It has been just over one year since the World Health Organisation declared the Covid-19 outbreak a pandemic. A year described by many as the lost year. A year like no other.
Guardian columnist Jonathan Freedland compares the virus to a magnifying glass that has illuminated and distorted our existing society, "shining light on deprivation, inequalities and political unrest while reminding us of the power and beauty of nature and humanity".
Without doubt, the human and economic cost of Covid-19 is severe. It threatens to scale back many years of progress on reducing poverty and inequality and to further weaken social cohesion and international co-operation.
Yet, we were warned.
In 2006, the authoritative Global Risks Report published by the World Economic Forum sounded the alarm on pandemics and other health-related risks. The report said that a "lethal flu, its spread facilitated by global travel patterns and uncontained by insufficient warning mechanisms, would present an acute threat". It warned us against "severe impairment of travel, tourism and other service industries, as well as manufacturing and retail supply chains" while global trade could be impacted by longer-term damages.
We have also been warned about the non-reversal catastrophic consequences of climate change.
At a discussion held in late February by the foreign policy think tank Diplosphere, Professor Tim Naish from the Antarctic Research Centre at Victoria University said Covid-19 has had a massive global impact but climate crisis is still the "biggest existential threat to humanity and life on earth". The World Economic Forum lists climate change and extreme weather, and human environmental damage as the top three risks to the global economy.
The best-case scenario for our planet is 1-2 degree warming above pre-industrial levels by the end of the century. But to get to 1-2 degrees (only) of warming, we need to do a lot of work.
We may laugh off planetary-level climate engineering (geo-engineering) at present, but before long policymakers may need to decide on radical ideas such as sunlight reflection through giant mirrors in space or artificially reflective clouds, as noted by Parliamentary Commissioner for the Environment Simon Upton.
Our best-case scenario is based on a linear model of climate change, that is, increases in climate inputs like greenhouse gas levels cause proportional warming of the climate.
However, there are tipping points built into our climate system, catastrophic events that warming could unlock: release of gas trapped in the tundra, catastrophic and irreversible loss of Antarctic ice sheets causing sea level rise, retreat of the glaciers in the Hindu Kush, and other events which could have a compound effect on global warming.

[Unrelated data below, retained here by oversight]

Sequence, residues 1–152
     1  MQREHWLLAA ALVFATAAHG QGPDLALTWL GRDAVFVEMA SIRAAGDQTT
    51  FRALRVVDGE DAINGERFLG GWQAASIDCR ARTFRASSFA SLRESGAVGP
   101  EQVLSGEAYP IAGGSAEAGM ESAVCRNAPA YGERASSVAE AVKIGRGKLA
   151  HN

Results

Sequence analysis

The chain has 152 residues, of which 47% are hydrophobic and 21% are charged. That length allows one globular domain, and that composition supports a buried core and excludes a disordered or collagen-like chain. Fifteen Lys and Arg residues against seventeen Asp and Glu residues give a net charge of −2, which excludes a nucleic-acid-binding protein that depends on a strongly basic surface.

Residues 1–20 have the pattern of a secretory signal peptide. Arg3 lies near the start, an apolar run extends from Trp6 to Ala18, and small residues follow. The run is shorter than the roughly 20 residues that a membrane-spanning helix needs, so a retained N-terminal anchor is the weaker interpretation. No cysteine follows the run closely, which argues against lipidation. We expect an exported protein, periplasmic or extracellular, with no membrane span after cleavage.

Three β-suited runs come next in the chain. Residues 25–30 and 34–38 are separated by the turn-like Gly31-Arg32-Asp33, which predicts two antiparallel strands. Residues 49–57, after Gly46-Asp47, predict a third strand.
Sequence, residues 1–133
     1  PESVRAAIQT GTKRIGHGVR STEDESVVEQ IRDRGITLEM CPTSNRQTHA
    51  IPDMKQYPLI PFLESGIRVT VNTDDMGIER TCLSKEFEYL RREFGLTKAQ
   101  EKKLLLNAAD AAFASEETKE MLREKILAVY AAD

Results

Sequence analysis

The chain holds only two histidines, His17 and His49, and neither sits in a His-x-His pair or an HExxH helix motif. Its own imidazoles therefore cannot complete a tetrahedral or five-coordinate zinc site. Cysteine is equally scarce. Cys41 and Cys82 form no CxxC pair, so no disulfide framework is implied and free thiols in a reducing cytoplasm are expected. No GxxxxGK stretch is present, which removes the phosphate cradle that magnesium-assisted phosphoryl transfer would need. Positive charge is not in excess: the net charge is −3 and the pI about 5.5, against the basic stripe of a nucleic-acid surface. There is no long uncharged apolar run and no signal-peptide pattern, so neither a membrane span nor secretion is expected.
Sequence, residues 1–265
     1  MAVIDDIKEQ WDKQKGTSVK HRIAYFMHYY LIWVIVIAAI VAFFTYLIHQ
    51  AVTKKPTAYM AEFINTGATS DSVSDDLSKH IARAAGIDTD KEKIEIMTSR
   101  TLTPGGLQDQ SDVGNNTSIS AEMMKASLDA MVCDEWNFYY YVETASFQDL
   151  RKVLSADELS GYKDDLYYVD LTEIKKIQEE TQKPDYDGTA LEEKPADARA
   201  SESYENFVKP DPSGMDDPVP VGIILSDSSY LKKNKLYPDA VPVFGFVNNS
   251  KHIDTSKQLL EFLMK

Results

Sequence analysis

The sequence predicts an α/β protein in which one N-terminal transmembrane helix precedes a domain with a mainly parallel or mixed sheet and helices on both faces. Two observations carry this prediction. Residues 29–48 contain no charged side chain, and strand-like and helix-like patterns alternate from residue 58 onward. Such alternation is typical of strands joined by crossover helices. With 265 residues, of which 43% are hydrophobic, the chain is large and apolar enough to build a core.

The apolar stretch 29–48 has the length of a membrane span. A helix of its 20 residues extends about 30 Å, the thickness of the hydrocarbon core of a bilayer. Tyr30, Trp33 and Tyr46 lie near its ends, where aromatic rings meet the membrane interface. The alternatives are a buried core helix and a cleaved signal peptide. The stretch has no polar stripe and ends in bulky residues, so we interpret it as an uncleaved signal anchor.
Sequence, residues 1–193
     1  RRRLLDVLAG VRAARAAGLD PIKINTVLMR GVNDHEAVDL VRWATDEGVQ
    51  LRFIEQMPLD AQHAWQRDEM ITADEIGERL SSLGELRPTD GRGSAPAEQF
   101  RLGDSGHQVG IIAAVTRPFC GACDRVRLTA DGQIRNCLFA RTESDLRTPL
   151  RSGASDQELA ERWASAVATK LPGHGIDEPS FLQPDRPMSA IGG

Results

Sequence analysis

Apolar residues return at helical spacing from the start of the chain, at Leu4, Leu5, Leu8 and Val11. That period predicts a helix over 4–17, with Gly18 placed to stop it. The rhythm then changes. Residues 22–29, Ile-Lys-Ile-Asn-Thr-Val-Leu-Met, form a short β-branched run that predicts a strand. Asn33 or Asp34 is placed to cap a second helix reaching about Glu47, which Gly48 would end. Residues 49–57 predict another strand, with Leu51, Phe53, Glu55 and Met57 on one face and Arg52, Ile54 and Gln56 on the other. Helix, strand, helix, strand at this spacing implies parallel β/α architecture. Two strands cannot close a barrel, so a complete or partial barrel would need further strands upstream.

We just don't know yet when these inflection points will be reached. We would literally be playing with fire to ignore the signals in front of us and carry on as usual - where warming of 2-3 degrees by the century's end, is the estimate. If that happened, the outcome would be apocalyptic.
There is, nevertheless, hope. The public discourse on climate change has changed immeasurably. Ten years ago, scientists were called out as crackpots when they sounded the warning bell. Today, public discourse has switched in their favour. Humanity can act quickly for the common good; as last year showed us, Covid-19 vaccines were developed in record time. This was a victory for science and the result of unprecedented global co-operation by scientists sharing data and funding.
We have no excuse now not to apply the same urgency to how we look after the climate and wellbeing of our planet, and reimagine the future. Yet we remain surprisingly complacent. As Simon Upton noted, referring to a New York Times article by Kyle Harper, the 2nd century Antonine plague that hit Rome at its most globalised apex was not incidental. Rome was exposed to pathogen risk as a direct consequence of its technologic prowess, scale, trade routes and globalisation.
We remain ecologically fragile.
To tackle this mother of all challenges, global concerted action is needed - our public goods, our institutions, need to be resilient to political winds of change, and remain true to the task at hand.
The delayed UN Climate Change Conference COP26 hosted by the UK in November 2021 will be a pivotal moment to bring parties together to accelerate action towards the goals of the Paris Agreement and the UN Framework Convention on Climate Change. It will be an opportunity to commit to more ambitious national targets and agree on rules for carbon trading that can accelerate investments in the transition to a low-carbon global economy.
The action we take over the next 10 years will determine the future of humanity for the next 10,000 years.
The celebrant, actor and author Pinky Agnew said "our world shrunk into our bubbles, and I hope we create a new normal, a kinder, gentler, more loving normal that embraces not just our nearest and dearest, but our ultimate bubble, the planet we live on. We can, we must love the world".
No one is immune to climate change. We have the opportunity to rebuild a resilient global community right now.
• Political scientist and international relations expert Maty Nikkhou-O'Brien is the founder and executive director of Diplosphere and a former executive director of the New Zealand Institute of International Affairs.